Cheerleading try-outs

Yesterday I dragged husband along to a wedding show at Bleinheim Palace, birthplace of Winston Churchill. Armed with my Vista Print virtually free business cards in their complimentary silver effect case, I was there to introduce myself to the world as a wedding planner. Never mind I had been interviewing rather successfully for a new corporate and totally unrelated job in the background during the last week. I wasn’t going to let what might be get in the way of what was: my new found entrepreneurial enthusiasm.

I hadn’t done anything as bold or expensive as renting a booth, nor was I aspiring to sign up any brides up on the spot. My low key strategy was just to introduce myself to various vendors and suss out the competition. Decked out in cashmere and pearls, what I imagined to be wedding planner power dressing, I approached the first vendor. He was manning a booth that provided undercover singers and musicians ala that great wedding scene in Love Actually where a choir materializes in the church balcony singing “All You Need Is Love” and various musicians pop up in the congregation to riff at the appropriate points. Booth man was gay and charming and pedalling a great idea. We exchanged cards. I was off to a terrific start!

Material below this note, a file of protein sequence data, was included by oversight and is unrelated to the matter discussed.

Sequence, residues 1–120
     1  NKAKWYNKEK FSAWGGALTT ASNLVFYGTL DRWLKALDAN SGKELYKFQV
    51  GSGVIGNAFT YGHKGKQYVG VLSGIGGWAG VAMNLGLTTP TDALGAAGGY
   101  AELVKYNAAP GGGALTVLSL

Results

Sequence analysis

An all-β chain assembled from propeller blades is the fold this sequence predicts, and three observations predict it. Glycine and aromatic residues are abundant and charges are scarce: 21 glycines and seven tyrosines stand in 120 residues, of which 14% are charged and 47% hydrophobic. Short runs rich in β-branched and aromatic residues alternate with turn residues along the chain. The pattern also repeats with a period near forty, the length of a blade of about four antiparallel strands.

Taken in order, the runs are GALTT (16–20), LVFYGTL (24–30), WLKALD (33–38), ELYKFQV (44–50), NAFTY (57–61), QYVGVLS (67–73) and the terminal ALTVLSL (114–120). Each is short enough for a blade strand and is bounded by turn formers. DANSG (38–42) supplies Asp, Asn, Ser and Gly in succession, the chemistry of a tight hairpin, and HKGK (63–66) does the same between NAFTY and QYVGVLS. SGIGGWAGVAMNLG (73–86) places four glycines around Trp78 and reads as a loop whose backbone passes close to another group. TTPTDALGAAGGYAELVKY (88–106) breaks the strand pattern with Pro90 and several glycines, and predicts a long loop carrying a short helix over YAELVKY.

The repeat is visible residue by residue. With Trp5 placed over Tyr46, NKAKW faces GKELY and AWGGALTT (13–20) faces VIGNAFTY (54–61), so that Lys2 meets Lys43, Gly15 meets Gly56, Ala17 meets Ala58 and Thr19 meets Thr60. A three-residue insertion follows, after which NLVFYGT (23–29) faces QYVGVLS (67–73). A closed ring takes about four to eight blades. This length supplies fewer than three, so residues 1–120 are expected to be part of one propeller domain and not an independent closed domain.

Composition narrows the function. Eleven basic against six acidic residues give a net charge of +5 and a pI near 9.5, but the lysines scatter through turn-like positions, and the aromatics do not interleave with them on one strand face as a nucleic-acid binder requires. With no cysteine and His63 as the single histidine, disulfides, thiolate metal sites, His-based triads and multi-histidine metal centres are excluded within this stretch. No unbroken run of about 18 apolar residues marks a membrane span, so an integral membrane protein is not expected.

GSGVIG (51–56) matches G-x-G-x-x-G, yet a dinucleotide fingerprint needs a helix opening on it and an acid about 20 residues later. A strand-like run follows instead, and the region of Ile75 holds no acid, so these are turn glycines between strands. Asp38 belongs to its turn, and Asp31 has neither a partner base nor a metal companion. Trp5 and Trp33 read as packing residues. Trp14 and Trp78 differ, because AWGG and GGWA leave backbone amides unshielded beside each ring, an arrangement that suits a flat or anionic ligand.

Next up was a florist from Oxfordshire. I complimented their floral designs and introduced myself while discreetly slipping the booth lady a business card. “Oh, let me introduce you to the owner,” she said while leaning over to tap an elegant fifty-ish lady on the shoulder. Power florist lady turned around then proceeded to size me up while we made small talk, finally asking me where I got my flowers from. “A florist in Cheltenham,” I lied then immediately made an excuse to move to the next booth. Thankfully it was cake. I needed some sugar. All this networking was exhausting.

My tour around the remaining booths was uneventful except for observing that photographers are not good at small talk. Husband and I strolled outside to take a look around the rather grand grounds. We were turned back at a gate which required a ticket purchase to go any further. I then watched a fifty-something lady from the power florist school of women blag her way into the grounds on a flimsy excuse of needing to look around a venue inside the “pay for entry” enclosure. She was, you see, a wedding planner.

My entrepreneurial try-out is not going as well as hoped. I’ve just finished my routine – a bit shaky but I didn’t drop any pom poms – only to be upstaged by a back-flipping, toe-touching professional.

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